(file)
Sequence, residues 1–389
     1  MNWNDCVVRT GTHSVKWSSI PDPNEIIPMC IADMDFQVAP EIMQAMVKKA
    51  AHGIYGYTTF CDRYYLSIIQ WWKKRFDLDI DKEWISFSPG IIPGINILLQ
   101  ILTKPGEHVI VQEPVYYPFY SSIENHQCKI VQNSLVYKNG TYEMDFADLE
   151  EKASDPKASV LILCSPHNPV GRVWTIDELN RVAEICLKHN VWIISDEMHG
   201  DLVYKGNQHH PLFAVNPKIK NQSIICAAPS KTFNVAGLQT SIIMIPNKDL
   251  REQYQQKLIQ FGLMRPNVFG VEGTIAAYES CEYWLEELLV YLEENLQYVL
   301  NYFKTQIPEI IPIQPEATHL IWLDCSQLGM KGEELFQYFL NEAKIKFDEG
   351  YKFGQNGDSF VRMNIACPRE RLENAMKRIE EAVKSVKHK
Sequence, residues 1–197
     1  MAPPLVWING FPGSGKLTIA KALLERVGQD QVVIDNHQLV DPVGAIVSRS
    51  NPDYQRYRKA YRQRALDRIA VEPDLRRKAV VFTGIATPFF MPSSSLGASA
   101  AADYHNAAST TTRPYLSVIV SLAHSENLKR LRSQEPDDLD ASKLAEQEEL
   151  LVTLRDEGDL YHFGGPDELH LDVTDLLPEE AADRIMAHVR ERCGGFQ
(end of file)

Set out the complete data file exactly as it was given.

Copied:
Sequence, residues 1–389
     1  MNWNDCVVRT GTHSVKWSSI PDPNEIIPMC IADMDFQVAP EIMQAMVKKA
    51  AHGIYGYTTF CDRYYLSIIQ WWKKRFDLDI DKEWISFSPG IIPGINILLQ
   101  ILTKPGEHVI VQEPVYYPFY SSIENHQCKI VQNSLVYKNG TYEMDFADLE
   151  EKASDPKASV LILCSPHNPV GRVWTIDELN RVAEICLKHN VWIISDEMHG
   201  DLVYKGNQHH PLFAVNPKIK NQSIICAAPS KTFNVAGLQT SIIMIPNKDL
   251  REQYQQKLIQ FGLMRPNVFG VEGTIAAYES CEYWLEELLV YLEENLQYVL
   301  NYFKTQIPEI IPIQPEATHL IWLDCSQLGM KGEELFQYFL NEAKIKFDEG
   351  YKFGQNGDSF VRMNIACPRE RLENAMKRIE EAVKSVKHK
Sequence, residues 1–197
     1  MAPPLVWING FPGSGKLTIA KALLERVGQD QVVIDNHQLV DPVGAIVSRS
    51  NPDYQRYRKA YRQRALDRIA VEPDLRRKAV VFTGIATPFF MPSSSLGASA
   101  AADYHNAAST TTRPYLSVIV SLAHSENLKR LRSQEPDDLD ASKLAEQEEL
   151  LVTLRDEGDL YHFGGPDELH LDVTDLLPEE AADRIMAHVR ERCGGFQ